<i>P</i> values in display items are ubiquitous and almost invariably significant: A survey of top science journals

2018-05-15T17:36:46Z (GMT) by Ioana Alina Cristea John P. A. Ioannidis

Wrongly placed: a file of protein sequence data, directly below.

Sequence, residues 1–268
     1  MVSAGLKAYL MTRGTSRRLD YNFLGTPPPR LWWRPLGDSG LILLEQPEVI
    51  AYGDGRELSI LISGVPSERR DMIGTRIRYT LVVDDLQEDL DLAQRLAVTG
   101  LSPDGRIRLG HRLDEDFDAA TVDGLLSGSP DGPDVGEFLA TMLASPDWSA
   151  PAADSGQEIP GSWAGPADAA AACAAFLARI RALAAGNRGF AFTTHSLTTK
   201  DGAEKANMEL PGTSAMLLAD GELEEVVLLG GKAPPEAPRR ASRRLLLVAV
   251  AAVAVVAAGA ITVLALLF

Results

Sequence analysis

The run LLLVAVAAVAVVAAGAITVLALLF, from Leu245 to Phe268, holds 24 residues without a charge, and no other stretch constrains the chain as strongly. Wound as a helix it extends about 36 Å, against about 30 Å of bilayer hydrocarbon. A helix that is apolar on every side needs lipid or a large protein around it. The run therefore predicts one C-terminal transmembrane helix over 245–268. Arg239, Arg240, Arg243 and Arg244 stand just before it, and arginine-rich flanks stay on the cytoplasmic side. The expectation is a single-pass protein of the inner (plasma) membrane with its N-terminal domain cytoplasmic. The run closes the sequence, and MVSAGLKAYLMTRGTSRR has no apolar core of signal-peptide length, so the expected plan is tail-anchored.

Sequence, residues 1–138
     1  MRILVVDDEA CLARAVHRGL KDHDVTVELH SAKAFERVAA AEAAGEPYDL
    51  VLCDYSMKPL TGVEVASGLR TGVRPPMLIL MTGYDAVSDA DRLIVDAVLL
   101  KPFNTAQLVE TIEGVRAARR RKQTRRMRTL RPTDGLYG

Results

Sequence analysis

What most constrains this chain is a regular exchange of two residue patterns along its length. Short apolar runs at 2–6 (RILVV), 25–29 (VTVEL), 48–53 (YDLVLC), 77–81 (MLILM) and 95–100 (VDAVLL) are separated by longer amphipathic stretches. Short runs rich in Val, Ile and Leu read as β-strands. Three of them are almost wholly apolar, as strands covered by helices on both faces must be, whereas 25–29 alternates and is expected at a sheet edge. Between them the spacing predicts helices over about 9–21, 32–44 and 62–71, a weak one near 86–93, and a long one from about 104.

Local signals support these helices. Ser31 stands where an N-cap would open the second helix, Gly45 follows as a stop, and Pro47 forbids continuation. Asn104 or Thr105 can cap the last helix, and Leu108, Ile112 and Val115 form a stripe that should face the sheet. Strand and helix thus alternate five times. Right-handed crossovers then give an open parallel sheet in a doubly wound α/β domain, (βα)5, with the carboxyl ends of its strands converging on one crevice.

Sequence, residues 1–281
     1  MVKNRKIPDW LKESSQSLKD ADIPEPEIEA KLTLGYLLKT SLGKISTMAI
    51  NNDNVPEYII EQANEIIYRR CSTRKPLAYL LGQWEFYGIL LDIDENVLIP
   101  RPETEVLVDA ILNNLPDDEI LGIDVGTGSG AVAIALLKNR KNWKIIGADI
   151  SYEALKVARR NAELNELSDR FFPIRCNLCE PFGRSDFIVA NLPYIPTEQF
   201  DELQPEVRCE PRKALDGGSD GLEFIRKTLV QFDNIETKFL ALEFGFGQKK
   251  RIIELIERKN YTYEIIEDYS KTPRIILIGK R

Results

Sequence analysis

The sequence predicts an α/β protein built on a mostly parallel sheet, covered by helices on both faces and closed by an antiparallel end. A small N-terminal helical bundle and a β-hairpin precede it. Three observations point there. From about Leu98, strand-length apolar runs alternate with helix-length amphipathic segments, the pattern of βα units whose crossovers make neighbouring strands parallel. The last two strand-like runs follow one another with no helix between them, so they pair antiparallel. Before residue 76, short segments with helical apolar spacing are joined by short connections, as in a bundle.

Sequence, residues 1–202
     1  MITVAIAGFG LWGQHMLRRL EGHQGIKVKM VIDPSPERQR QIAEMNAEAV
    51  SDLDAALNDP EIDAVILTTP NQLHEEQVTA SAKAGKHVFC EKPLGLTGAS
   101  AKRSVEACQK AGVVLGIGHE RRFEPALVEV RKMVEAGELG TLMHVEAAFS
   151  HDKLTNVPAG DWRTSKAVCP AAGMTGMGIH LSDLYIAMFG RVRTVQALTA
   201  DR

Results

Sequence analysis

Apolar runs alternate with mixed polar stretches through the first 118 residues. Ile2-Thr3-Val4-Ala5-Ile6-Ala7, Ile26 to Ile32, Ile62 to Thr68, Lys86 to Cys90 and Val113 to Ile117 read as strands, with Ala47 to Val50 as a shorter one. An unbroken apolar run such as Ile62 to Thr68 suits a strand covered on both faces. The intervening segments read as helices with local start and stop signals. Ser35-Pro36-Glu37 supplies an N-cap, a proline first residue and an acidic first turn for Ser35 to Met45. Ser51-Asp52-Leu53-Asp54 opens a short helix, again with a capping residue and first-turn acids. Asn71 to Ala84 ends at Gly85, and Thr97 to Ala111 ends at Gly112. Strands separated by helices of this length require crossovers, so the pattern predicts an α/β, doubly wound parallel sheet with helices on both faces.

<div><p><i>P</i> values represent a widely used, but pervasively misunderstood and fiercely contested method of scientific inference. Display items, such as figures and tables, often containing the main results, are an important source of <i>P</i> values. We conducted a survey comparing the overall use of <i>P</i> values and the occurrence of significant <i>P</i> values in display items of a sample of articles in the three top multidisciplinary journals (Nature, Science, PNAS) in 2017 and, respectively, in 1997. We also examined the reporting of multiplicity corrections and its potential influence on the proportion of statistically significant <i>P</i> values. Our findings demonstrated substantial and growing reliance on <i>P</i> values in display items, with increases of 2.5 to 14.5 times in 2017 compared to 1997. The overwhelming majority of <i>P</i> values (94%, 95% confidence interval [CI] 92% to 96%) were statistically significant. Methods to adjust for multiplicity were almost non-existent in 1997, but reported in many articles relying on <i>P</i> values in 2017 (Nature 68%, Science 48%, PNAS 38%). In their absence, almost all reported <i>P</i> values were statistically significant (98%, 95% CI 96% to 99%). Conversely, when any multiplicity corrections were described, 88% (95% CI 82% to 93%) of reported <i>P</i> values were statistically significant. Use of Bayesian methods was scant (2.5%) and rarely (0.7%) articles relied exclusively on Bayesian statistics. Overall, wider appreciation of the need for multiplicity corrections is a welcome evolution, but the rapid growth of reliance on <i>P</i> values and implausibly high rates of reported statistical significance are worrisome.</p></div>